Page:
Editors note: If the earth climate system were at a peak of solar irradiance and in the warm phase of the natural El Nino – La Nina cycle, this year would have likely broken the record with room to spare. It is now estimated that the Arctic may be ice free as early as the fall of 2013, only 5 years from now.
National Snow and Ice Data CenterNSIDC Senior Scientist Mark Serreze said, “The sea ice cover is in a downward spiral and may have passed the point of no return. As the years go by, we are losing more and more ice in summer, and growing back less and less ice in winter.”
2007 – Arctic Melt
Center for Strategic & International Studies
The Age of Consequences: The Foreign Policy and National Security Implications of Global Climate Change
Report – November 2007
- R. James Woolsey is a vice president for Booz Allen Hamilton and former director of the CIA.
- Kurt M. Campbell is CEO and co-founder of the Center for a New American Security and former deputy assistant secretary of defense for Asia and the Pacific.
- Leon Fuerth is a research professor of international affairs at The George Washington University, and former national security adviser to Vice President Al Gore.
- Jay Gulledge, Ph.D., is the senior scientist and program manager for science and impacts at the Pew Center on Global Climate Change.
- Alexander T. J. Lennon is the editor-in-chief of CSIS’s flagship journal, The Washington Quarterly.
- J.R. McNeill is a professor of history at Georgetown University.
- Derek Mix is a research associate in the CSIS Europe Program.
- Peter Ogden is senior national security analyst at the Center for American Progress.
- John Podesta is president and CEO of the Center for American Progress and former chief of staff for President Bill Clinton.
- Julianne Smith is the director of the CSIS Europe Program and the Initiative for a Renewed Transatlantic Partnership.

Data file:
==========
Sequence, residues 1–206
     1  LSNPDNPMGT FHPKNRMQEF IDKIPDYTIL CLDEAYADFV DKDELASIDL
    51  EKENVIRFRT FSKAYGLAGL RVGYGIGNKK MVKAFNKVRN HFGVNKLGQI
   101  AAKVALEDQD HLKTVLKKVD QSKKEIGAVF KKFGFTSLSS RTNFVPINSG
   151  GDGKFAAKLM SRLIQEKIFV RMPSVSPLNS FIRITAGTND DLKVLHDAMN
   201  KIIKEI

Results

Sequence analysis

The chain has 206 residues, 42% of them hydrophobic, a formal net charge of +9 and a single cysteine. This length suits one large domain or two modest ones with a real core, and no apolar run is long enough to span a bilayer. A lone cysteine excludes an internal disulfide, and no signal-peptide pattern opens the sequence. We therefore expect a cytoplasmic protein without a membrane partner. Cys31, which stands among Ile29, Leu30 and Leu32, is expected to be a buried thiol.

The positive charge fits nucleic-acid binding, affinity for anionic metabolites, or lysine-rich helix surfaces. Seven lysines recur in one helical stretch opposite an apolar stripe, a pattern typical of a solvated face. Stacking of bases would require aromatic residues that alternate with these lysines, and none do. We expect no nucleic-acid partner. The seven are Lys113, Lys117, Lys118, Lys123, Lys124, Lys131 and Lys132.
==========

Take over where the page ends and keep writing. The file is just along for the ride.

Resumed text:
- Richard Weitz is a senior fellow and director of program management at Hudson Institute.
German Advisory Council on Global Change
World in Transition – Climate Change as a Security Risk
(Report – November 2007)
- Prof Dr Renate Schubert (chair), Economist: Director of the Institute for Environmental Decisions, ETH Zurich (Switzerland)
- Prof Dr Hans Joachim Schellnhuber CBE (vice chair), Physicist: Director of the Potsdam Institute for Climate Impact Research and visiting professor at Oxford University, UK
- Prof Dr Nina Buchmann, Ecologist: Professor of Grassland Science, Institute of Plant Sciences, ETH Zurich (Switzerland)
- Prof Dr Astrid Epiney, Lawyer: Professor of International Law, European Law and Swiss Public Law, Université de Fribourg (Switzerland)
- Dr Rainer Grießhammer, Chemist Director of the Institute for Applied Ecology, Freiburg/Breisgau
- Prof Dr Margareta E. Kulessa, Economist: Professor of International Economics, University of Applied Science, Mainz
- Prof Dr Dirk Messner, Political Scientist: Director of the German Development Institute, Bonn
- Prof Dr Stefan Rahmstorf, Physicist: Professor for Physics of the Oceans at Potsdam University and head of the Climate System Department at the Potsdam Institute for Climate Impact Research
- Prof Dr Jurgen Schmid, Aerospace Engineer: Professor at Kassel University, Chairman of the Executive Board of the Institute for Solar Energy Technology
The Center for Naval Analysis
National Security and the Threat of Climate Change
(Report – April 2007)
- General Gordon R. Sullivan, USA (Ret.) Chairman, Military Advisory Board
- Admiral Frank “Skip” Bowman, USN (Ret.)
- Lieutenant General Lawrence P. Farrell Jr., USAF (Ret.)
- Vice Admiral Paul G. Gaffney II, USN (Ret.)
- General Paul J. Kern, USA (Ret.)
- Admiral T. Joseph Lopez, USN (Ret.)
- Admiral Donald L. “Don” Pilling, USN (Ret.)
- Admiral Joseph W. Prueher, USN (Ret.)
- Vice Admiral Richard H. Truly, USN (Ret.)
- General Charles F. “Chuck” Wald, USAF (Ret.)
- General Anthony C. “Tony” Zinni, USMC (Ret.)